Generally, shingles heal well and problems are few. However, on occasion, the blisters can become infected with bacteria, causing cellulitis, a bacterial infection of the skin. If this occurs, the area will become reddened, warm, firm, and tender. You might notice red streaks forming around the wound. If you notice any of these symptoms, contact your health-care professional. Antibiotics can be used to treat these complications.
Shingles isn’t infectious in the same way as chickenpox, where the virus can be passed on to other people by coughs and sneezes. However, the virus can be passed on by direct contact with fluid from shingles blisters, until they dry up and crust over. This can cause chickenpox in people who aren’t already immune to it. People with shingles should avoid contact with people who have a lowered immunity, babies or pregnant women (see Who is most likely to get shingles?). If the rash is covered, the virus is less likely to be spread.
Shingles symptoms generally disappear within three to five weeks. However, treatment is recommended to help encourage shingles pain relief. Your health care provider can offer you oral antiviral medications, including acyclovir, valacyclovir, and famciclovir, in order to speed up the course of the shingles disease. You may also be prescribed pain relieving medications, such as ibuprofen and acetaminophen.
Shingles symptoms happen in stages. At first you may have a headache or be sensitive to light. You may also feel like you have the flu but not have a fever. Later, you may feel itching, tingling, or pain in a certain area. That’s where a band, strip, or small area of rash may occur a few days later. The rash turns into clusters of blisters. The blisters fill with fluid and then crust over. It takes 2 to 4 weeks for the blisters to heal, and they may leave scars. Some people only get a mild rash, and some do not get a rash at all.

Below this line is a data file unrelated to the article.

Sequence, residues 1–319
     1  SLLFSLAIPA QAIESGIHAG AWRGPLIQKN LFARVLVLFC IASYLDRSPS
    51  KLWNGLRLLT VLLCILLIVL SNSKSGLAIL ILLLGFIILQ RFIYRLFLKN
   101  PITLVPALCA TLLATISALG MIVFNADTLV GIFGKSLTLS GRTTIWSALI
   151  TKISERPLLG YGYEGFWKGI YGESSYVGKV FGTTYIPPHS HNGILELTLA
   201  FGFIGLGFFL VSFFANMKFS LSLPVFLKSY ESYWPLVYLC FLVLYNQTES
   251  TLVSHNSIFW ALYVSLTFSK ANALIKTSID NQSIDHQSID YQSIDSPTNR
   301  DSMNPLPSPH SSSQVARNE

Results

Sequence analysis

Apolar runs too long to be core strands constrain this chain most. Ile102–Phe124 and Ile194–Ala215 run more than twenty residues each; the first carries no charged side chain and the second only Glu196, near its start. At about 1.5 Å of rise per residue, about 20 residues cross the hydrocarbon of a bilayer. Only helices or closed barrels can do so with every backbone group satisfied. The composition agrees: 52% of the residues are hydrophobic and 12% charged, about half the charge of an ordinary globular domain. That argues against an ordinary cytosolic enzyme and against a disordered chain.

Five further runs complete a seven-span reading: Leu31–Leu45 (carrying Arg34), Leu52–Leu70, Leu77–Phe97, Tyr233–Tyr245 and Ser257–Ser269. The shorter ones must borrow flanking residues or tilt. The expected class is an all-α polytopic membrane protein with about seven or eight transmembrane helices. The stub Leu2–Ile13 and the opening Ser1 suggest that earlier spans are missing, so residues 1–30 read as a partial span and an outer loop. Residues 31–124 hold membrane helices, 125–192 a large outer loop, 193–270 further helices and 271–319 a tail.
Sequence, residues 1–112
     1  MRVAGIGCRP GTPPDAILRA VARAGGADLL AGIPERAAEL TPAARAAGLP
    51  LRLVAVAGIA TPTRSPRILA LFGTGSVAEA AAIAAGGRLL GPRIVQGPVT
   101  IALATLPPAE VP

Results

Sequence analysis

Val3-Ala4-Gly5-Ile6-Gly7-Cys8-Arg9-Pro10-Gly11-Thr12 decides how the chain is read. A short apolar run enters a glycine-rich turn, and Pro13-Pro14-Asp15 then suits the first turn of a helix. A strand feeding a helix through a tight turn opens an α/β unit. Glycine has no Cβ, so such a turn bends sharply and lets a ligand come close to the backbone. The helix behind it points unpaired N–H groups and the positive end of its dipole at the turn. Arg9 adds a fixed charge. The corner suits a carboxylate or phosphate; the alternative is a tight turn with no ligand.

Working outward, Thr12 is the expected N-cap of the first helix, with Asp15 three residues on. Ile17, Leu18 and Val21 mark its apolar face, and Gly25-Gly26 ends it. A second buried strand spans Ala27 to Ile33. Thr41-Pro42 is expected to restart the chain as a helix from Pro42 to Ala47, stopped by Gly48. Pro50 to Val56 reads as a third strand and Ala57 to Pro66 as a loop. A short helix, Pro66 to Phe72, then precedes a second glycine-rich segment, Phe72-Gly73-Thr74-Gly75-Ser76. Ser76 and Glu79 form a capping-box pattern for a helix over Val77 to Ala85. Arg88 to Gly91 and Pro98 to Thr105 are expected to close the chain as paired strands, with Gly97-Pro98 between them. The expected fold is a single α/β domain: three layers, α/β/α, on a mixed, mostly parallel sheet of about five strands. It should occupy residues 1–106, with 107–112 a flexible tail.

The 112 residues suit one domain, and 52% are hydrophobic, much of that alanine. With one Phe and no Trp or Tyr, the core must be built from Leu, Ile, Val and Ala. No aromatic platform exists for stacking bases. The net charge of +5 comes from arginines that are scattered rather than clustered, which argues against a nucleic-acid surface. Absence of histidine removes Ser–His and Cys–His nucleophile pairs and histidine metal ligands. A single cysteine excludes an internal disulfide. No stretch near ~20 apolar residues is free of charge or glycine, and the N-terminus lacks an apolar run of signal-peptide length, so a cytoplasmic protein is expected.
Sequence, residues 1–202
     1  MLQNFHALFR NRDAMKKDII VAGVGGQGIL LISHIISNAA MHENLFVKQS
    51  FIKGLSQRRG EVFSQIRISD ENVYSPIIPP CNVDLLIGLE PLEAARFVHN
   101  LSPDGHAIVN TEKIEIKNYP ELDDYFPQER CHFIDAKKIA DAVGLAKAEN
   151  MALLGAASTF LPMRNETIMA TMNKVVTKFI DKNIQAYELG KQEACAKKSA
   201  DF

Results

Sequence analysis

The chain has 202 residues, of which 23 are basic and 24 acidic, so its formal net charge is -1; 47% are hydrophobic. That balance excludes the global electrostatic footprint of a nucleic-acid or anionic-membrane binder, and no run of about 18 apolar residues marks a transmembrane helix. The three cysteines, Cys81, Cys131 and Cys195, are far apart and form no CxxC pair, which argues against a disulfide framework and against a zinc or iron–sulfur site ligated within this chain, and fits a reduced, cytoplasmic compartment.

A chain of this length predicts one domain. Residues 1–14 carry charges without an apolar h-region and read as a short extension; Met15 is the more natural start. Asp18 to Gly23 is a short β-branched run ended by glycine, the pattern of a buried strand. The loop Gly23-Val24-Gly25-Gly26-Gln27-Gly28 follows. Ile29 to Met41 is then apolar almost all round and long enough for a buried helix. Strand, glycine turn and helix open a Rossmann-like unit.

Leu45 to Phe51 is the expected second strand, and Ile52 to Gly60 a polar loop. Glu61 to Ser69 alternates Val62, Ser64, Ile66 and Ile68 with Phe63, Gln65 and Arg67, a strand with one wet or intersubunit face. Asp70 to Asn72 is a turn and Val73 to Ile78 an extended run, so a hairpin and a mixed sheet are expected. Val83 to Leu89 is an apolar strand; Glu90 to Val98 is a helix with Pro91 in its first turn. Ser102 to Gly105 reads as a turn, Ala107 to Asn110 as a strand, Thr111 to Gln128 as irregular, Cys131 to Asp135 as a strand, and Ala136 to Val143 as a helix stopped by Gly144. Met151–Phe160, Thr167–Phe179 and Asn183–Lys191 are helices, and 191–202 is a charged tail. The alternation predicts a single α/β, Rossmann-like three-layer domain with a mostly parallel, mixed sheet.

Doctors can distinguish shingles from chickenpox (or dermatitis or poison ivy) by the way the spots are distributed. Since shingles occurs in an area of the skin that is supplied by sensory fibers of a single nerve–called a dermatome–the rash usually appears in a well-defined band on one side of the body, typically the torso; or on one side of the face, around the nose and eyes. (Shingles’ peculiar name derives from the Latin cingulum, which means girdle or belt.) If a diagnosis is in doubt, lab tests can confirm the presence of the virus.
The severity and duration of an attack of shingles can be significantly reduced by immediate treatment with antiviral drugs, which include acyclovir, valacyclovir, or famcyclovir. Antiviral drugs may also help stave off the painful aftereffects of shingles known as postherpetic neuralgia (see section entitled “What are the Complications of Shingles?). Doctors now recommend starting antiviral drugs within 72 hours of the first sign of the shingles rash. Early treatment is believed to reduce the risk of postherpetic neuralgia and may speed up the healing process.